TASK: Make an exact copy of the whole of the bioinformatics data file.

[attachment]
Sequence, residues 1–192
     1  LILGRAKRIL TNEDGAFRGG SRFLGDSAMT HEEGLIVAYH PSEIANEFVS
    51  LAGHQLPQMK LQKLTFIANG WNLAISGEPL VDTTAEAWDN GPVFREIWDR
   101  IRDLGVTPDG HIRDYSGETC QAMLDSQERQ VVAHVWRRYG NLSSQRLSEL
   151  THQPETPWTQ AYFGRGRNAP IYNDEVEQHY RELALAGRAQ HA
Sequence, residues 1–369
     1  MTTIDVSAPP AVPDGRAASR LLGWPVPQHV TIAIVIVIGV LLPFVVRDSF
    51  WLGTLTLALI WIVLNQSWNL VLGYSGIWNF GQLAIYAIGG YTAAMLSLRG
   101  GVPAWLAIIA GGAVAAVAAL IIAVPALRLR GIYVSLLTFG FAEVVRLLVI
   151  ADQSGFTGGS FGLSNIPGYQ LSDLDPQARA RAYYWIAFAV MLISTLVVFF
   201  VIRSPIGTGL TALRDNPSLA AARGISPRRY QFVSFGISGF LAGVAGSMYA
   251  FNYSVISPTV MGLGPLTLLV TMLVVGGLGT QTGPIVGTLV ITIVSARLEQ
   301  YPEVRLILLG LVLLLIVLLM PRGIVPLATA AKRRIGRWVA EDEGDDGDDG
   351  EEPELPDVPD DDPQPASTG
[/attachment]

Sequence, residues 1–192
     1  LILGRAKRIL TNEDGAFRGG SRFLGDSAMT HEEGLIVAYH PSEIANEFVS
    51  LAGHQLPQMK LQKLTFIANG WNLAISGEPL VDTTAEAWDN GPVFREIWDR
   101  IRDLGVTPDG HIRDYSGETC QAMLDSQERQ VVAHVWRRYG NLSSQRLSEL
   151  THQPETPWTQ AYFGRGRNAP IYNDEVEQHY RELALAGRAQ HA
Sequence, residues 1–369
     1  MTTIDVSAPP AVPDGRAASR LLGWPVPQHV TIAIVIVIGV LLPFVVRDSF
    51  WLGTLTLALI WIVLNQSWNL VLGYSGIWNF GQLAIYAIGG YTAAMLSLRG
   101  GVPAWLAIIA GGAVAAVAAL IIAVPALRLR GIYVSLLTFG FAEVVRLLVI
   151  ADQSGFTGGS FGLSNIPGYQ LSDLDPQARA RAYYWIAFAV MLISTLVVFF
   201  VIRSPIGTGL TALRDNPSLA AARGISPRRY QFVSFGISGF LAGVAGSMYA
   251  FNYSVISPTV MGLGPLTLLV TMLVVGGLGT QTGPIVGTLV ITIVSARLEQ
   301  YPEVRLILLG LVLLLIVLLM PRGIVPLATA AKRRIGRWVA EDEGDDGDDG
   351  EEPELPDVPD DDPQPASTG